Supporters of Arlington's Christian Embassy called on God, several congressmen and a senator this week, but they could not win over the wealthy and skeptical community of McLean.
The Embassy, an evangelical organization that attempts to lead top government officials into "a personal relationship with Christ," wanted to leave its Rosslyn high-rise for a conference center, with swimming pool and tennis court. The complex would have been on a five-acre, $400,000 wooded lot near the Evans Farm Inn in McLean, which zealously guards its reputation as a residential communty.
After almost three hours of debate Wednesday night that ranged from land use to theology, a special meeting of the McLean Citizens Association--one of the oldest and most powerful civic groups in the Washington area--voted 99-to-96 against the center.
Embassy Director R.H. (Swede) Anderson said the organization would respect the wishes of the narrow majority and look elswhere. "No voice from heaven said, 'This is your place,' "he said with a smile.
Embassy opponents said their only concern was maintaining McLean's residential character, and Anderson said he was satisfied that he had demonstrated the integrity of his six-year-old evangelical organization.
Suspicions of darker motives occasionally poked through the land-use debate. Embassy supporters wondered aloud whether the long-time leaders of McLean were applying a stricter standard to their project than they would to a more established church organization, and McLean veterans accused the Embassy of trying to stack the 68-year-old association with born-again members.
"Any time you get a religious group that ministers to people in power, that goes after the powerful, there's an element of mistrust," said Kaye Sloan Burke, president of the McLean association. "There's the specter of the Moral Majority . . . That shouldn't be an issue, but people are human."
"There's something that's just not right," Rep. Dan Coats (R-Ill.), who testified for the Embassy at two association meetings, said before the Wednesday session. "If they would take the time to investigate who they are and what they're about, I don't see how they could have any objection."
Sen. William L. Armstrong, another McLean resident and Embassy supporter, left Capitol Hill after a long budget debate, changed into jeans, running shoes and a windbreaker and stood quietly at the back of the cafeteria of the James Fenimore Cooper Intermediate School.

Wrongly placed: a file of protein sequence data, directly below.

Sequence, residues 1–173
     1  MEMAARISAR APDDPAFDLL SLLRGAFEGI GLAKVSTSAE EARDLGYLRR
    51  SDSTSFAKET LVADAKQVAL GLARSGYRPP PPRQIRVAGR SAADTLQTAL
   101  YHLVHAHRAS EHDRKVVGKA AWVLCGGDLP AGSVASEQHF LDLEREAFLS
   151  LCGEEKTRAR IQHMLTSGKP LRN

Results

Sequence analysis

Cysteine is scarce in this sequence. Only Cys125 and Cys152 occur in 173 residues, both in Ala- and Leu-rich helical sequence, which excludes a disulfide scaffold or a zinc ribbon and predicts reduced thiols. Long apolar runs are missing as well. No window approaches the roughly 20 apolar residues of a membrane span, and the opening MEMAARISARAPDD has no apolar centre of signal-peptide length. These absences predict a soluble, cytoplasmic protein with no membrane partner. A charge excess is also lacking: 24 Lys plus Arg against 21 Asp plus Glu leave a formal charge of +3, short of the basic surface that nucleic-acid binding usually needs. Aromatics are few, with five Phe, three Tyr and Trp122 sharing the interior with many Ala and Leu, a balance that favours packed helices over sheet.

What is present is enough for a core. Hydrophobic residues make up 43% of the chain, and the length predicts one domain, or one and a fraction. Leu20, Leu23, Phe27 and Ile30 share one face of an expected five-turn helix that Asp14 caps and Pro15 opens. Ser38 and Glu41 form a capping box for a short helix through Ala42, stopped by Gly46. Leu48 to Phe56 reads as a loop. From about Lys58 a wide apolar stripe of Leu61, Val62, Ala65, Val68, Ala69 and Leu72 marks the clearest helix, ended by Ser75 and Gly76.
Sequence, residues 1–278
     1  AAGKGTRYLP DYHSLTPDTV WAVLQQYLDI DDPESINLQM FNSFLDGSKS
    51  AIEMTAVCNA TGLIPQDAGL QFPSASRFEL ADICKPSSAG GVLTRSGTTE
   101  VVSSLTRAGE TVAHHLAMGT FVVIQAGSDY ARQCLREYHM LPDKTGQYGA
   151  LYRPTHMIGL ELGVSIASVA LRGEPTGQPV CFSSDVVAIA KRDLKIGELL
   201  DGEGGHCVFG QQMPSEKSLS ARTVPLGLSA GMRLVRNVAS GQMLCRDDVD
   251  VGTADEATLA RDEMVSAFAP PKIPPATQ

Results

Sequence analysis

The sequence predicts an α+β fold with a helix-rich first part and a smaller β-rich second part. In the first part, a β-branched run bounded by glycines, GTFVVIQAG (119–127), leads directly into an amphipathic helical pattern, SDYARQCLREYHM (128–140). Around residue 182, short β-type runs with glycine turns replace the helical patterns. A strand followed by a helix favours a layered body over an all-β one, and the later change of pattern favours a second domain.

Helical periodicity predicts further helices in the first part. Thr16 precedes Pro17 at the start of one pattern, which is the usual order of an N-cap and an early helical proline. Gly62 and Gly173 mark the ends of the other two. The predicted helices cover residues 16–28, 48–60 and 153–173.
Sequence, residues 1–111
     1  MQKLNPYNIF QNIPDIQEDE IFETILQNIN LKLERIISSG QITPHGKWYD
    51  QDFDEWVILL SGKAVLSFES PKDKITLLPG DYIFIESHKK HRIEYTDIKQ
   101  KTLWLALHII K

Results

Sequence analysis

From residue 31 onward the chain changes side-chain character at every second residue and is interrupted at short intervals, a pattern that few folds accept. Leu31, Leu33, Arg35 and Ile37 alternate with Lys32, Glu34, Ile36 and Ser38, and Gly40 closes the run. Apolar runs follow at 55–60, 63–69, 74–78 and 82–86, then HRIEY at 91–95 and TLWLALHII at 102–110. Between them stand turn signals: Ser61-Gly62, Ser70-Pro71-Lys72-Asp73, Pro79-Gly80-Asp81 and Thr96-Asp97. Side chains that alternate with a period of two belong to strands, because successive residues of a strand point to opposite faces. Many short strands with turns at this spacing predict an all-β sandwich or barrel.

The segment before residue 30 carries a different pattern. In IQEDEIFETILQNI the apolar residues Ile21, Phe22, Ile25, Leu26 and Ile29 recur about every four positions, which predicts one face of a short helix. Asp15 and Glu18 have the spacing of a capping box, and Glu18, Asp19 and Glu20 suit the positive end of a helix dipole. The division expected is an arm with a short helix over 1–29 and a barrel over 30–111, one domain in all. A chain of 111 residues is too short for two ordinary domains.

"I personally know of a large number of people whose lives have been changed because of the ministries of this group--people who have accepted Christ as a savior and whose family and personal lives have been healed," Armstrong said. The Colorado Republican said he, too, "accepted" Jesus because of the Embassy's efforts.
The Embassy was formed in 1976 as an offshoot of the Campus Crusade for Christ International, the 31-year-old "I Found It" organization that claims more than 15,000 staffers in 150 countries. With 25 staffers, the Embassy ministers to members of Congress, their aides and families, Pentagon officers and diplomats here and at the United Nations, according to Embassy director Anderson.
The Campus Crusade teaches that Jesus is "the unique personality of all time," and that only a personal relationship with Him can bring peace and forgiveness of sins. The Embassy offers spiritual guidance, Bible classes, dinners and prayer meetings, but does not lobby.
"They've never, in my involvement, for one second touched on anything political," Coats said. "It is certainly not a cult."
The Embassy now rents office space in Rosslyn but wants a retreat site to replace the Chase mansion, a Northwest Washington home it sold in 1978 because of zoning problems. The five-acre tract across Dolley Madison Boulevard from the Evans Farm Inn seemed perfect, Anderson said, but the McLean Citizens Association had sold the land in 1979 with a covenant forbidding the development of anything except single-family homes.
Rep. Edward J. Derwinski (R.-Ill.) told the association it should lift that covenant for the Embassy, arguing that a retreat site would produce less traffic and preserve more trees than would ten private homes.
"I don't think the community of McLean should ever go on record as not welcoming people who represent Jesus Christ," another neighbor agreed.
"It is not a matter of whether we wish to welcome Christians into this community," said Louis Gasper, the association's planning chairman. "The question is whether you want to push that area gradually toward institutional use."
Anderson said the Embassy will probably look for another site rather than pursuing the matter in court or, as some association members said they feared, encouraging more supporters to join the civic group. "We have no grand membership campaign," he said."